My great grandfather, Jatindramohan Guha was the first in his village Qutubpur in the district of Faridpur in East Bengal (present Bangladesh) to venture, after completing his studies, as far as Rangoon, the capital of Burma in the 1910s1. It was a long journey of over 1500 kilometres that could only be covered by taking the ship from the ports of Calcutta and Chittagong. Jatindramohan joined the Audit and Accounts department of the British government as a clerk, a position that members of his community in Bengal were known to serve with diligence. He married the young Prabhabati Dutt whose family was from the city of Dhaka (now capital of Bangladesh) on June 2,1918. At a time when children came soon, his daughter was born 7 years later, not before the larger family was beginning to despair.
Jatindramohan was thrilled at the birth of his daughter even though in his society, a son as the first born would have been preferred. He took Leena, his daughter (my grandmother) to Rangoon when she was two and a half years old. She was born in Dhaka but he was determined to give her a ‘proper’ education in English, inaccessible to girls in rural Bengal. In bringing his family abroad for this purpose, the extended Guha family scorned at Jatindramohan but this had little impact on his resolve.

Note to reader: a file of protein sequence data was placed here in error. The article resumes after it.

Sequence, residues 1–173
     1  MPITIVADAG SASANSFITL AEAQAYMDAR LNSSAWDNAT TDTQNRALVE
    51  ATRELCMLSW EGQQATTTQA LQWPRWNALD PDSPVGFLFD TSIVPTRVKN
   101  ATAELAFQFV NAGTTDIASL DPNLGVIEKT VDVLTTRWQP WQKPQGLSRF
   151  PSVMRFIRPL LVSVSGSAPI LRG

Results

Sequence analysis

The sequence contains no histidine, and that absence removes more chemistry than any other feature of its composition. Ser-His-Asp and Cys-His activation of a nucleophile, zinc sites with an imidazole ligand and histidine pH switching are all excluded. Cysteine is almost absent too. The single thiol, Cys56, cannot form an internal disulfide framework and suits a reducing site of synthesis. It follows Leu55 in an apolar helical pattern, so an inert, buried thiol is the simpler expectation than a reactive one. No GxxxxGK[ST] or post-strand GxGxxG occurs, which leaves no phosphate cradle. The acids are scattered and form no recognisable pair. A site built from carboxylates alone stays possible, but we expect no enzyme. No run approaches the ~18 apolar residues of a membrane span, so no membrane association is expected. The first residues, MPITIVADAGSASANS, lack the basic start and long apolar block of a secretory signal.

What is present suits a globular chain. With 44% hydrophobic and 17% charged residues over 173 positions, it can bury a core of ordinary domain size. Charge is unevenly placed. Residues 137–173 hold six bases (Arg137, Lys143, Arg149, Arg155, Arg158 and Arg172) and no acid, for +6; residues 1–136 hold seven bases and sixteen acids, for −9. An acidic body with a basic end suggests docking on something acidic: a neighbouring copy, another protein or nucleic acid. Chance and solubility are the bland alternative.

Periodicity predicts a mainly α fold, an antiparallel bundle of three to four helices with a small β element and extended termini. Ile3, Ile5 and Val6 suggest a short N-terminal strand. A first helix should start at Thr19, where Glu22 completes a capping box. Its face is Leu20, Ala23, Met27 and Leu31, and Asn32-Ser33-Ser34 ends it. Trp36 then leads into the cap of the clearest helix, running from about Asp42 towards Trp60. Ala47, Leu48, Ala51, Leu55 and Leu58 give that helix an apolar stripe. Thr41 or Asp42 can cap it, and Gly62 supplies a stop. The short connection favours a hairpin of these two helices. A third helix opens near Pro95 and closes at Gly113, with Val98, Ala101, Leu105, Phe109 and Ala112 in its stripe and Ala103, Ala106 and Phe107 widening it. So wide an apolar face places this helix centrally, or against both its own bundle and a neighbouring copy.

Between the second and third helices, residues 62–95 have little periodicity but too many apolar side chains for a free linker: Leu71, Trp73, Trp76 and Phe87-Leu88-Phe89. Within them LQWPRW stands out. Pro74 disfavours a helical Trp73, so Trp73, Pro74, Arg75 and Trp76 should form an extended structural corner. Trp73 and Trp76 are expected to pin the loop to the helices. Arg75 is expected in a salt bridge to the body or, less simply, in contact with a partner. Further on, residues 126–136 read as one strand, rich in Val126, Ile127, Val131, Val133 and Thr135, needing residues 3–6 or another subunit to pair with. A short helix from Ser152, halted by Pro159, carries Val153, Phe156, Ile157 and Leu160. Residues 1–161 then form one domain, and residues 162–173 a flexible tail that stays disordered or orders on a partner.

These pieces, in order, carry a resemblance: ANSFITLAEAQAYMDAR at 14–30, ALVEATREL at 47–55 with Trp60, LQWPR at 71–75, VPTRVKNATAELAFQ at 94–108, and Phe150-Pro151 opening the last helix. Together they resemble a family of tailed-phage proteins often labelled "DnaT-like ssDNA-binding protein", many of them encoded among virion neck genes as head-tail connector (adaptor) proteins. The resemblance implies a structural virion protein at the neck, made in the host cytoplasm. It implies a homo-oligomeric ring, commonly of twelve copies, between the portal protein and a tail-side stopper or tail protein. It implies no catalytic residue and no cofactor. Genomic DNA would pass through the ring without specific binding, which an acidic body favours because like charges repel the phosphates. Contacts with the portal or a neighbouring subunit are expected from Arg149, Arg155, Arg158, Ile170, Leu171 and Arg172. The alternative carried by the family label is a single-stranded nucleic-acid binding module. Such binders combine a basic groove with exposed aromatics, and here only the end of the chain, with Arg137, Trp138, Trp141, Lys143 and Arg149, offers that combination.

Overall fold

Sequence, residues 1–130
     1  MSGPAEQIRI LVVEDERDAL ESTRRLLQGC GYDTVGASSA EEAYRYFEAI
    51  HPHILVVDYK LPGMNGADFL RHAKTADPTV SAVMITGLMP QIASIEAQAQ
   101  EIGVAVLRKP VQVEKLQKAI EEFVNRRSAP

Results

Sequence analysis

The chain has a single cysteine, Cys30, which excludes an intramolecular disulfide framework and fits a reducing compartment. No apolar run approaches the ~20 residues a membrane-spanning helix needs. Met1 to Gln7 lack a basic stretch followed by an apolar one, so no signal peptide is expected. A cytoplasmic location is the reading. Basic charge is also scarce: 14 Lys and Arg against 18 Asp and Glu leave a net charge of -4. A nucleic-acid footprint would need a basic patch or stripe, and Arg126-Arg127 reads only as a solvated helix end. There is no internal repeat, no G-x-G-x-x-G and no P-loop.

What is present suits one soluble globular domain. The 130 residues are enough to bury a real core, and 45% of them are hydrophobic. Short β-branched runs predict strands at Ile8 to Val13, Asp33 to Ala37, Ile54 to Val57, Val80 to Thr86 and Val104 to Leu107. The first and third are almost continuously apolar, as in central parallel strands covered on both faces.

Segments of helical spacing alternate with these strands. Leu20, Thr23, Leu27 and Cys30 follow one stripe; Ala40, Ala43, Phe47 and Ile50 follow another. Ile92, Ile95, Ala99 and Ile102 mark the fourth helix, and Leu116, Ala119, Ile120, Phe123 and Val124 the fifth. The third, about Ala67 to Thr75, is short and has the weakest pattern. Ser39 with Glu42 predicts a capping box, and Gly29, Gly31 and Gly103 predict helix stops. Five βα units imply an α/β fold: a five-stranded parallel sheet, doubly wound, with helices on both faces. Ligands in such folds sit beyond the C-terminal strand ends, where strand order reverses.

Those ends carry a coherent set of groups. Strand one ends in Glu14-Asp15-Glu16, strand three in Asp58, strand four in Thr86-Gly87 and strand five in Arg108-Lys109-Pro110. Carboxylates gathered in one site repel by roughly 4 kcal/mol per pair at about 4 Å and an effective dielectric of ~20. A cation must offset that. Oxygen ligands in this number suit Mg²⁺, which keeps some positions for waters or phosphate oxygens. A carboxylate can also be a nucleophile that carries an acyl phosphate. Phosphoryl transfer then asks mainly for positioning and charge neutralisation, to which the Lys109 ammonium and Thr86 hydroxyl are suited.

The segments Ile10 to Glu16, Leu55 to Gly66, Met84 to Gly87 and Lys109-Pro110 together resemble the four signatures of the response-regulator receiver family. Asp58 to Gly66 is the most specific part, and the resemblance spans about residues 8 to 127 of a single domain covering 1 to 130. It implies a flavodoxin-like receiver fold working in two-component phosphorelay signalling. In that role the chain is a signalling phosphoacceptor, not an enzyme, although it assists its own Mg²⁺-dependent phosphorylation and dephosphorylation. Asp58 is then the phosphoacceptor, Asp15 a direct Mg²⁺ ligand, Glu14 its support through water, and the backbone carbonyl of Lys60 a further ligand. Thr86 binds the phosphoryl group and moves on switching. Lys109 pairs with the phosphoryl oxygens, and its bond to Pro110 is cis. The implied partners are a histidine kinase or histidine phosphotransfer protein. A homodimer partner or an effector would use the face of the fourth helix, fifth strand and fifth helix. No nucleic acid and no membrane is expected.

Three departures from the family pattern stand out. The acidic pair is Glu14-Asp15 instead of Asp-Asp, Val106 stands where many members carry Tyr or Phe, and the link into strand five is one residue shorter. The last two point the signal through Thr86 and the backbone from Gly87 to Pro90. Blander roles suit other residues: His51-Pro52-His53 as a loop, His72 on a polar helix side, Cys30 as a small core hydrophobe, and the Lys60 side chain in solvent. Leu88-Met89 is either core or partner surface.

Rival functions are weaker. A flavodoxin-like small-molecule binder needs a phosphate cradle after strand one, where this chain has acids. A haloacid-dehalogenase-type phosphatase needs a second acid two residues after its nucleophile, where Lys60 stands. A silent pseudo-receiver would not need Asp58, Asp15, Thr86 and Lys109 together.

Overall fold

Leena was soon enrolled at Sharada Sadan Vidyalaya for Girls2, a local English-medium school which was run by Indians, chiefly from the province of Bengal. It was solely for Indians and therefore no local Burmese girls studied there. It was Jatindramohan’s dream to have her study in an English medium school, somewhat of an indulgence for a girl at that time3.
Life in Rangoon was peaceful and very orderly. For my grandmother, there were major contrasts to living in India. In her later life, she fondly remembered the serenity of Rangoon in comparison to the manic hubbub of Calcutta, where she would spend some of her adulthood.
|Leena & Ashis, few years later|
Jatindramohan walked back with thousands of other emigres later that year when it became practically impossible to stay on. Leena with her mother and brother reached their village in Qutubpur when they received a telegram from Jatindramohan that he was setting out with thousands others. Then for a month, there was no news. Just when the family feared the worst for him, Jatindramohan appeared like an apparition, emaciated and very ill from walking that long distance home.
- Today’s Yangon
- Vidyalaya means school. This was named after the wife of a 19th century Hindu preacher
- Studies in school and colleges in India are conducted entirely in English or in any one of the several regional languages. In the first, the ‘vernacular,’ is taught and learnt as a separate subject. In the latter, ‘English’ is taught separately. Education is therefore bilingual. In Leena’s school, English was taught by Anglo-Indian teachers
- Called Bogalay Bazar Street, it is now where older residents of the city live
- In May 1930, soon after the family moved to Rangoon, there were mass anti-Hindu and anti-Indian protests staged in Rangoon
- More in the nature of air raids, the Japanese Imperial army bombed between December 1941 and March 1942. They eventually seized Rangoon and Burma was to remain under their occupation for the next 3 years
- Burma itself had turned hostile towards the Indians and under the Japanese such animosity would only grow